Decisions describe the contexts in which options are used.

Notice that the values here refer to other tokens, which would be defined within the options.

Subatomic Design

In his book, Atomic Design, Brad Frost introduced a methodology for breaking design patterns into a logical hierarchy. Atoms, the smallest unit, represent the fundamental building blocks of our design system. In a sense, design tokens are like subatomic particles.

An unapologetic riff on Brad Frost's Atomic Design - Subatomic Design
Subatomic Design - The 7 Minute Abs of Design Systems (apologies to Brad Frost)

A heading, for example, is made up of a number of property/value pairs: typeface, size, line height, font weight, color, margin, etc. We can apply token values to all of those properties.

.header-page-title {
font-family: $font-family-heading;
font-size: $font-size-heading-large;
line-height: $line-height-heading-large;
font-weight: $font-weight-heading-large;
color: $color-heading;
margin: $margin-heading-large;
Replacing hard-coded values with tokens.

Notice that rather than using options like $color-black or $spacing-medium, we're applying decisions in a context specific to headings. This way, if we ever want to change the font weight of .header-page-title globally, for example, we can do so easily without having to search our entire codebase for every instance of a header and changing $font-weight-bold to $font-weight-light.

Tokens Across Platforms

The real power of tokens comes when we use them to apply design decisions across platforms. By storing the token data in YAML, we can easily convert that data to the appropriate format to be consumed by web (preprocessor variables), iOS (JSON), and Android (XML). It might even be possible to power our design tools with tokens.

An illustration of tokens powering all of our products and platforms
Tokens can power all of our products and platforms.

Storing our token data in YAML also allows for differences that might be necessary between platforms. Colors, for example, are typically defined in 6-digit hex on web, RGBA on iOS, and 8-digit hex on Android. We can define these separately and then omit the platform segment when the tokens are converted to each platform's format.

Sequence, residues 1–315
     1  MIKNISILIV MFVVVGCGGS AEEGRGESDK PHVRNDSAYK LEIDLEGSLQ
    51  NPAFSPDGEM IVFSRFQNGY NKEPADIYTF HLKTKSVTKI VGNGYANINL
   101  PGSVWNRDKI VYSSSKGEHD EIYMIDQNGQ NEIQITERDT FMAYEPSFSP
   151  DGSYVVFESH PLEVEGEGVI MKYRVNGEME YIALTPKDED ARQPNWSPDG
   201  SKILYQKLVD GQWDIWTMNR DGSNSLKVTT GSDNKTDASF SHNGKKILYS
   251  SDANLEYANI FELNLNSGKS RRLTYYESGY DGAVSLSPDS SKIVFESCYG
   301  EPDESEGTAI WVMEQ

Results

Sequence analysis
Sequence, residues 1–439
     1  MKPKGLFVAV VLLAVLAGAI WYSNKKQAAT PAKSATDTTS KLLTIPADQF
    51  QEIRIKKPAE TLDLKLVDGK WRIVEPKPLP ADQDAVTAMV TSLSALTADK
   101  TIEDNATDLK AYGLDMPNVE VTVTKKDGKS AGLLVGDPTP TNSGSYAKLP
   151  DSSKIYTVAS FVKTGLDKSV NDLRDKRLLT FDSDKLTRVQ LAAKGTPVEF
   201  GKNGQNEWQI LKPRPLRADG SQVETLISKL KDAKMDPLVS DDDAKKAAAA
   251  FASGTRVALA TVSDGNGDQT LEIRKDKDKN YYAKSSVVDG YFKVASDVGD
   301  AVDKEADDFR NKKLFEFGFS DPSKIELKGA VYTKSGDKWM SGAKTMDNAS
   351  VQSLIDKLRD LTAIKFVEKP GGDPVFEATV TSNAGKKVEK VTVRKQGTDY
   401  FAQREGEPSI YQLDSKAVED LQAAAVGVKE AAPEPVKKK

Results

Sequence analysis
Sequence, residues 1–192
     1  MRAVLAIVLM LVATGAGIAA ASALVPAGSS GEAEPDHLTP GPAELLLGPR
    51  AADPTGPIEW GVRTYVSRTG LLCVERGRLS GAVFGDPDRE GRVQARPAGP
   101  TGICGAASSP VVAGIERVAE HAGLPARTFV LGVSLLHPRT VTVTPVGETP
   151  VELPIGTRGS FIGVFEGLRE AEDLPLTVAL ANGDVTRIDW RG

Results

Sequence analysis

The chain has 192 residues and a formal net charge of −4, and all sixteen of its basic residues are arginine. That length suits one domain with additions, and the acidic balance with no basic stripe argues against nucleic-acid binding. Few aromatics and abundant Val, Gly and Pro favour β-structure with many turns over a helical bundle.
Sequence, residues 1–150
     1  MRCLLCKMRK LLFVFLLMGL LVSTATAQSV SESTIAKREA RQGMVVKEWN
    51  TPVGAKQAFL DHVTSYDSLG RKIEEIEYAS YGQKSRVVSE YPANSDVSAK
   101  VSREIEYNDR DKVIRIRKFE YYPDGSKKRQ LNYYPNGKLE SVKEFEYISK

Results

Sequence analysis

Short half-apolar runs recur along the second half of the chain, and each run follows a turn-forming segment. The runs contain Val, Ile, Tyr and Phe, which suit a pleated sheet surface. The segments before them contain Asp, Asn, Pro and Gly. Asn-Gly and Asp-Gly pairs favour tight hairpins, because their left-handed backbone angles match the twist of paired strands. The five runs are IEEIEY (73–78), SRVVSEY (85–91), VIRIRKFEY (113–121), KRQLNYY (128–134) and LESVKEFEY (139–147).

color :
green :
web : &color-green-web "#53A318"
ios : &color-green-ios "0.33,0.64,0.09,1"
and : &color-green-and "#FF53A318"
blue :
web : &color-blue-web "#0081E3"
ios : &color-blue-ios "0,0.51,0.36,1"
and : &color-blue-and "#FF0081E3"
red :
web : &color-red-web "#FC0048"
ios : &color-red-ios "0.99,0,0.28,1"
and : &color-red-and "#FFFC0048"
Accommodating platform differences in tokens.

The Single Source of Truth

Designers and developers are always looking for the mythical "Single Source of Truth" in which all of their decisions are editable in one place and propagate everywhere. We make tools like our Sketch UI kit and CSS frameworks in hopes that they will serve as such but over time they tend to fall short.

Design Tokens are extremely powerful, not to mention resilient. What happens with our UI kit when Sketch is no longer the hot new design tool? Or when our React component library is made obsolete by the next JavaScript framework? (SPOILER ALERT: It will be.) Design Tokens allow us to adapt to new tools without having to re-implement everything from scratch.

When you ask the blind men what the design system is, perhaps they'll all answer "Design Tokens."

I'm Mike Aparicio, Principal Design Systems Engineer at Turquoise Health. I'm interested in helping companies large and small improve collaboration between design and engineering through the use of design systems. I specialize in creating custom CSS frameworks that empower engineering teams to get from concept to production quickly, while writing little to no CSS themselves. I write about web design and development, video games, pop culture, and other things I find interesting. I live in the Chicago area with my wife, three sons, and a dog.

You can find me on most places on the Internet as @peruvianidol.

Get in touch